In the " face verification and binary classification" video Andrew says this is an alternative way in face recognition and not using the triplet loss. But to feed into the signoid we still need a Siamese network to compute the encoding for an image. How do we train the network if we are not using triplet loss? We can probably use logistic loss to train (w, b), but how to train the network parameters?
Good point, I was wondering the same thing.
Since there are multiple identity it canâ€™t be simple 0/1 for each photo.
If you found the answer Iâ€™m curious about it.
Thanks
I have the same problem. Also what is the training dataset for such network?
Hi @haoyundeng ,
When Andrew Ng discusses â€śface verification and binary classification,â€ť heâ€™s essentially describing a way to determine whether two images are of the same person or not. The Siamese network, as you correctly pointed out, computes encodings for two images, and then a logistic regression classifier (using sigmoid activation) determines if theyâ€™re of the same person.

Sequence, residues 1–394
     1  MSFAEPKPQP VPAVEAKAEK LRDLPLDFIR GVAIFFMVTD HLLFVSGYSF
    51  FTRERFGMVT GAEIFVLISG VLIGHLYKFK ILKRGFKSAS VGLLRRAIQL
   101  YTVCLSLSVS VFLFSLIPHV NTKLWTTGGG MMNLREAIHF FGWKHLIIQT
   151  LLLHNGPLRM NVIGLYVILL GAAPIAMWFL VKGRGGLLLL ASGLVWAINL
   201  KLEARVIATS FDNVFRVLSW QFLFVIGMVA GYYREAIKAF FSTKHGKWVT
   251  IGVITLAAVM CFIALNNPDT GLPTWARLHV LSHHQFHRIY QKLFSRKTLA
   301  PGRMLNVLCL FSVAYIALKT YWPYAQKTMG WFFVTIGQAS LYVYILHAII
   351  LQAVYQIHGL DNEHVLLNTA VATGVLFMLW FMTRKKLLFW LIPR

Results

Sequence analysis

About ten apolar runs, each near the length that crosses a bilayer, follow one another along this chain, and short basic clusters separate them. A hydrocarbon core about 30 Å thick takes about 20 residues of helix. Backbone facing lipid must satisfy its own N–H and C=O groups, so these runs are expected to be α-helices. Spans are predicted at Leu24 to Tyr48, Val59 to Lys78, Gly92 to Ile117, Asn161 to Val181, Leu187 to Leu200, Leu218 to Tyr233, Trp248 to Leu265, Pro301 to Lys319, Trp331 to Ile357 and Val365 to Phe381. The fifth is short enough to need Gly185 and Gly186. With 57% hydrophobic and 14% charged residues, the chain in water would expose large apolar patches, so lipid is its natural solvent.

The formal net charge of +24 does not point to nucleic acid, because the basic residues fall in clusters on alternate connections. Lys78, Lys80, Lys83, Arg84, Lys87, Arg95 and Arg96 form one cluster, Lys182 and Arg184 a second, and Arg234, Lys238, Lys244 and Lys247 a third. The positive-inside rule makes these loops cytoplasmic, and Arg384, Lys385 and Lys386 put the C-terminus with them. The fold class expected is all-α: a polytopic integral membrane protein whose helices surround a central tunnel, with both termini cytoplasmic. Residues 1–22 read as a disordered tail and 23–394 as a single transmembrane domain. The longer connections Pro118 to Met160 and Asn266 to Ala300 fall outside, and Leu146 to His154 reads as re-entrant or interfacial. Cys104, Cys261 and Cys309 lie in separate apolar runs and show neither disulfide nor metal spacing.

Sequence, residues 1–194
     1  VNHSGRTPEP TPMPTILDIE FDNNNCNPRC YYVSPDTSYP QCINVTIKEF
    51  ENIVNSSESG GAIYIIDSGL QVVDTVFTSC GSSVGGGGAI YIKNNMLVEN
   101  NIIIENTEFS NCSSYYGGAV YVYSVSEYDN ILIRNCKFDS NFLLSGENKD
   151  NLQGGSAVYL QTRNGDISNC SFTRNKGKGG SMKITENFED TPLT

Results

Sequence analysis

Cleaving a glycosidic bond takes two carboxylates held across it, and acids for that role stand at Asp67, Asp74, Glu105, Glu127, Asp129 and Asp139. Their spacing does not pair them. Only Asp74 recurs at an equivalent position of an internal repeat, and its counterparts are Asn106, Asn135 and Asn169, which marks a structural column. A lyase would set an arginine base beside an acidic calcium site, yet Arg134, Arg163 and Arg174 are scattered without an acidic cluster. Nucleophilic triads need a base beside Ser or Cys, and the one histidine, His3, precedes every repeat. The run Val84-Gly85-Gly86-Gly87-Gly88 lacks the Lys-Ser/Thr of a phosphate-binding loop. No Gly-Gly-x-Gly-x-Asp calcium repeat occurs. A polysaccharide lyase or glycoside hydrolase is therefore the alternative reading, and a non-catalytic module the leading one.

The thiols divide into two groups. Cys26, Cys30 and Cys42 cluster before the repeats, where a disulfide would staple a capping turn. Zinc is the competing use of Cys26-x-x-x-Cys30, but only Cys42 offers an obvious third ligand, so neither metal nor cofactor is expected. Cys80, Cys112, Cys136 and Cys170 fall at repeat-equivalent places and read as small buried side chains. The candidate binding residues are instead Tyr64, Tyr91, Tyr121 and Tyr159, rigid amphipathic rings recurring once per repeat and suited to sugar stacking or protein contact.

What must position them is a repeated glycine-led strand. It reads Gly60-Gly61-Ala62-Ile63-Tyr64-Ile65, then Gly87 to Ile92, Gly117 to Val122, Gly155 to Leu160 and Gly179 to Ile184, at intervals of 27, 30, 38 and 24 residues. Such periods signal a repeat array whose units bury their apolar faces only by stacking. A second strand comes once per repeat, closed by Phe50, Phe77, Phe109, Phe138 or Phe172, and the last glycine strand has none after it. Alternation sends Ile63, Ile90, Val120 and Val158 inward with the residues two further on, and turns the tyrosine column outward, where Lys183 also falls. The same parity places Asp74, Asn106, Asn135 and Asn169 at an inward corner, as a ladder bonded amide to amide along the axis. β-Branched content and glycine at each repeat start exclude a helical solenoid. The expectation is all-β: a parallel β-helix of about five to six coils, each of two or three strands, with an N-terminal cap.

To train this network:

Data Preparation: Prepare pairs of images. For each pair, label them
1
if they are of the same person and0
otherwise. 
Network Architecture: Use a Siamese network to produce encodings for each of the images in a pair. Subtract one encoding from the other, resulting in a difference vector. This difference vector can then be fed into a logistic regression unit.

Loss Function: For training, use the logistic loss (or binary crossentropy loss). The loss will compare the output of the logistic regression unit (which is the probability that the images are of the same person) with the actual label (1 or 0).
(L(y,\hat{y}) = [y \log(\hat{y}) + (1y) \log(1\hat{y})])

Training: During training, youâ€™ll use backpropagation. Gradients will flow back from the logistic regression unit, through the difference in encodings, and into the Siamese network. This will adjust not just (w) and (b) of the logistic regression unit, but also the parameters of the Siamese network to produce better encodings.
The beauty of this approach is that you donâ€™t need to carefully select triplets, and the training process can be more straightforward. Instead, you focus on direct pairs of images and whether theyâ€™re of the same person or not, leveraging the simplicity of binary classification.